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Chris Mooney-The Republican Brain: The Science of Why they Deny Science, Reality

Science has never been more crucial to deciding the political issues facing the country. Yet science and scientists have less influence with the federal government than at any time since Richard Nixon fired his science advisors. In the White House and Congress today, findings are reported in a politicized manner; spun or distorted to fit the speaker’s agenda; or, when they’re too inconvenient, ignored entirely. On a broad array of issues-stem cell research, climate change, evolution, sex education, product safety, environmental regulation, and many others-the Bush administration’s positions fly in the face of overwhelming scientific consensus. Federal science agencies-once fiercely independent under both Republican and Democratic presidents-are increasingly staffed by political appointees who know industry lobbyists and evangelical activists far better than they know the science. This is not unique to the Bush administration, but it is largely a Republican phenomenon, born of a conservative dislike of environmental, health, and safety regulation, and at the extremes, of evolution and legalized abortion. In The Republican War on Science, Chris Mooney ties together the disparate strands of the attack on science into a compelling and frightening account of our government’s increasing unwillingness to distinguish between legitimate research and ideologically driven pseudoscience.

Contributing writer Chris Mooney is a science and political journalist, blogger, podcaster, experienced trainer of scientists in the art of communication, and the host of Climate Desk Live. He is the author of four books, including the New York Times bestselling The Republican War on Science. He is also co-host of the popular podcast Point of Inquiry.

This event will be held at DuVal auditorium and is sponsored by FreeThought Arizona.

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  • Rohn B.

    I fully agree with your last two sentences. The increased use of natural gas is a good bridge to much lower carbon energy sources. As he was mentioning fracking, Chris also mentioned nuclear which conservatives love for all the wrong reasons but appears to me (as an engineer I believe I'm relatively competent to assess the technology) as generally misunderstood by liberals. Likewise, we don't have the space here for the discussion on this point. I've presented my views on nuclear at another related meetup (Tucson Skeptics) and would be glad to discuss them further whenever anyone wants.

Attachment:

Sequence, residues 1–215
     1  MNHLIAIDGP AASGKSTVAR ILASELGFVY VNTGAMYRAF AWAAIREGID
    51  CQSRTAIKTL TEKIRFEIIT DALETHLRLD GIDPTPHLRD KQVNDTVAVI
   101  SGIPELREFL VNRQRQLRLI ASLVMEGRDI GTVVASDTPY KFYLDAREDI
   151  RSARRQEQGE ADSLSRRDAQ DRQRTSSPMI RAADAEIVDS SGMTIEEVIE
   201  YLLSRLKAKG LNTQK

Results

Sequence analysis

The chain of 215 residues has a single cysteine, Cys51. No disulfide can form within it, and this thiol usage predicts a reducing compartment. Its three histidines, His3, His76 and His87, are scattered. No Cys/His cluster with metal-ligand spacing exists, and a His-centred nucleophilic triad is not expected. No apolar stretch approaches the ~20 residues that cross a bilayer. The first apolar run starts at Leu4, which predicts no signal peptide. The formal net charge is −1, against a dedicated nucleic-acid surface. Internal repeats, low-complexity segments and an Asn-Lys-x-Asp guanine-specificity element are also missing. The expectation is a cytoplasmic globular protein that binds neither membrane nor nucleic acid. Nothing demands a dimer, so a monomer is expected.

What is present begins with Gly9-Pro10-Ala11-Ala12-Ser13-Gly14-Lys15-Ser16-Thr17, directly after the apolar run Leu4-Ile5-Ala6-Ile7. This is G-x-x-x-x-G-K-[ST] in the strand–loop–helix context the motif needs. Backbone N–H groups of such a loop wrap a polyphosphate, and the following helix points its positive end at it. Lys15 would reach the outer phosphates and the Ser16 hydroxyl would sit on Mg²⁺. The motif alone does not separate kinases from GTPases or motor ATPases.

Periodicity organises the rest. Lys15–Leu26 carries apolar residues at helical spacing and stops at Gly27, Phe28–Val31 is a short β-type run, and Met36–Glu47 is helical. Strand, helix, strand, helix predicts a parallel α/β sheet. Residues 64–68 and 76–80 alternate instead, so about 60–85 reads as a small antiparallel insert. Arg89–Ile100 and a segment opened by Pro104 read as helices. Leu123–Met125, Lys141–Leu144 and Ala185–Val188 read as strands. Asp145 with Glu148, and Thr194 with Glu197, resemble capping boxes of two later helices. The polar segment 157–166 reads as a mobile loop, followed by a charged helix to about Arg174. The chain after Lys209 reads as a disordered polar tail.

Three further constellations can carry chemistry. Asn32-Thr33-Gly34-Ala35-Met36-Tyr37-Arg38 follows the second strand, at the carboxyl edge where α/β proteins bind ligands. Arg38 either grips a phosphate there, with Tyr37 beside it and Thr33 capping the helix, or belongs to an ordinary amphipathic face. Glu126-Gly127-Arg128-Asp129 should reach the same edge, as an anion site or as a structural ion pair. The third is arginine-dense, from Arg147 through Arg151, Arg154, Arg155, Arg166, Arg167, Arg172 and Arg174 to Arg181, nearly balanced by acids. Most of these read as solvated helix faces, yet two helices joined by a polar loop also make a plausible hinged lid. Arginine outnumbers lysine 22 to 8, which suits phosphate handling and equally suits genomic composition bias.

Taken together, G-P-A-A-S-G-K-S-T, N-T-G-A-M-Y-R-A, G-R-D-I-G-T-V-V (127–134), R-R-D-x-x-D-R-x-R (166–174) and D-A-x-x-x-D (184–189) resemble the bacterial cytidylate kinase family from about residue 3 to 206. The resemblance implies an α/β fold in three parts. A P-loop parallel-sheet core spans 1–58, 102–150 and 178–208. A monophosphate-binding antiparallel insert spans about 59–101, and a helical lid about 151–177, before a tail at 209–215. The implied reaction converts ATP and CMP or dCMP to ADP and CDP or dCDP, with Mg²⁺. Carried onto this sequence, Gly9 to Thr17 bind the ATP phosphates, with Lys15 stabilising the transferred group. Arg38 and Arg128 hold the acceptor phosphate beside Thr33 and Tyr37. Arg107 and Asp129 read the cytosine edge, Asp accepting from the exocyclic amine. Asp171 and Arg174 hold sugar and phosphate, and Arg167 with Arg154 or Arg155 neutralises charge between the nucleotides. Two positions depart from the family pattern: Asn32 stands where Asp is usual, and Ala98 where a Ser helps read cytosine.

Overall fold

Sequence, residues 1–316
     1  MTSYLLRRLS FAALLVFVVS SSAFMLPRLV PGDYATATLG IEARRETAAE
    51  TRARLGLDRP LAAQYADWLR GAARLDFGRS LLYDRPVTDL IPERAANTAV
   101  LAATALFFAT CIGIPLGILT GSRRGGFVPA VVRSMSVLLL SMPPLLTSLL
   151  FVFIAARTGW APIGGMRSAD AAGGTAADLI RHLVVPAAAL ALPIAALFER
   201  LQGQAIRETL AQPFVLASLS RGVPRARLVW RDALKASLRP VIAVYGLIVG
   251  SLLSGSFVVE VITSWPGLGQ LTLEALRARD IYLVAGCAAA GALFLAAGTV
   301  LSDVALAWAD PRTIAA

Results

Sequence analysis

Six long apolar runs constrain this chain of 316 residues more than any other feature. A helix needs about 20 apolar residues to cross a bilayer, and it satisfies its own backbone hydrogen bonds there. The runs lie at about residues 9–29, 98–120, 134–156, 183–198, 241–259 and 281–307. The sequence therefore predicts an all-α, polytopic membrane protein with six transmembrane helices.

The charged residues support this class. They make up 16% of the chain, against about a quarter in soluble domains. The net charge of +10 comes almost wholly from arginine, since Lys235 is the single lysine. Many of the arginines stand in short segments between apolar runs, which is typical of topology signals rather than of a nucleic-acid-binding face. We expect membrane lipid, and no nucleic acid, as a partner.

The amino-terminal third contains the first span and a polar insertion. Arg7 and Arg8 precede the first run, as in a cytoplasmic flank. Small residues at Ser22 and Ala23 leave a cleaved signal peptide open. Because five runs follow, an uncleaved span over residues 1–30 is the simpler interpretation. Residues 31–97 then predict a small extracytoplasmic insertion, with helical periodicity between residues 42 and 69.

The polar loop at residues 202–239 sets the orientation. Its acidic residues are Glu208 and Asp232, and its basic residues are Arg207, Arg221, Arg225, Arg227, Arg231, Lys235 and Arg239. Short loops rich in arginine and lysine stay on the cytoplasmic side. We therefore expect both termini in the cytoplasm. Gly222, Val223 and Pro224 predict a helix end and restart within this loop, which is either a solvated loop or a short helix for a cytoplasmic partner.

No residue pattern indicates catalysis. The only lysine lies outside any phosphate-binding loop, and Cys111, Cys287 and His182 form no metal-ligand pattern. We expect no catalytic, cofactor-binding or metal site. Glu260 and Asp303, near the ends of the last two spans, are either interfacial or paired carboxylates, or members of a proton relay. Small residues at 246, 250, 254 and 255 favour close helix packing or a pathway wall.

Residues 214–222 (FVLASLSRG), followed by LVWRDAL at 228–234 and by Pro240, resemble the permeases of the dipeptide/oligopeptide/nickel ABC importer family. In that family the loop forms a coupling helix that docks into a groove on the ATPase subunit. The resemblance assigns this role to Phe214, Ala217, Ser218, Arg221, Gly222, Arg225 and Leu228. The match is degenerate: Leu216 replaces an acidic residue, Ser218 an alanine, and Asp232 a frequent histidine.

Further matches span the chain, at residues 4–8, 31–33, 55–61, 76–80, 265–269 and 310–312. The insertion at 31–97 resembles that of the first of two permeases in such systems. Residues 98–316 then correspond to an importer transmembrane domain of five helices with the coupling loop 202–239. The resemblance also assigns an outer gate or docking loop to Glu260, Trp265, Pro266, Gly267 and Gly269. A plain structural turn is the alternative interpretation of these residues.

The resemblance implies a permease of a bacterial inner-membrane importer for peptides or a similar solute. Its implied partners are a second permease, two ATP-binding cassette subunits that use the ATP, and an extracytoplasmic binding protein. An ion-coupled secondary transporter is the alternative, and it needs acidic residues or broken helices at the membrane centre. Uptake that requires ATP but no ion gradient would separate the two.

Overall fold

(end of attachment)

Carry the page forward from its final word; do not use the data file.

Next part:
2 · March 12, 2013

  • Jim N.

    I think Chris was a bit weak on some of the Q&A items such as critical thinking and fracing which weakened his cred a bit but some questions may have been out of his field of expertise.

    March 11, 2013

    • Jim N.

      I think David Hosea's summary of his talk which followed our comments was excellent. My

      March 12, 2013

    • Jim N.

      Sorry I hit a the wrong key. The reason I mentioned his fracking example for liberals was because it was a complete disconnect from conservatives on climate change. Fracking is part of the climate change discussion and conservatives embrace fracking the same way they embrace man made climate change. As an engineer I think there is a lengthy list of pros on cons on fracking which we don't have the space here to discuss. It is probably better than coal and tar sands but the full environmental and climate change costs of fracking are substantial. Social costs are high as well.

      1 · March 12, 2013

  • David H.

    As I understand Chris, he was explaining that we are all predisposed to a certain line of thought that is possibly, partly, inherited. It's the old discussion on nature and nurture. Nature is maybe more involved then was once suspected. His data points in that direction though it doesn't entirely eliminate nurture. He also showed that liberals maybe as likely as conservatives to respond inordinately (bias) to certain subjects while lacking sufficient information on the subject despite our vaunted self belief in our superior reasoning skills. He gave some possible examples to support that concept.

    1 · March 11, 2013

  • Jerry K.

    Chris Mooney was a big hit. We had 70 greatful attendees.

    March 10, 2013

  • Susan W.

    I am a maybe.

    March 9, 2013

  • Susan W.

    I am a maybe for this.

    March 9, 2013

  • Jerry K.

    Chris Mooney analyses how Republicans, and to some extent Democrats, look at evidence and reason to make decisions. You will enjoy his presentation of the research that led to his conclusions.

    February 20, 2013

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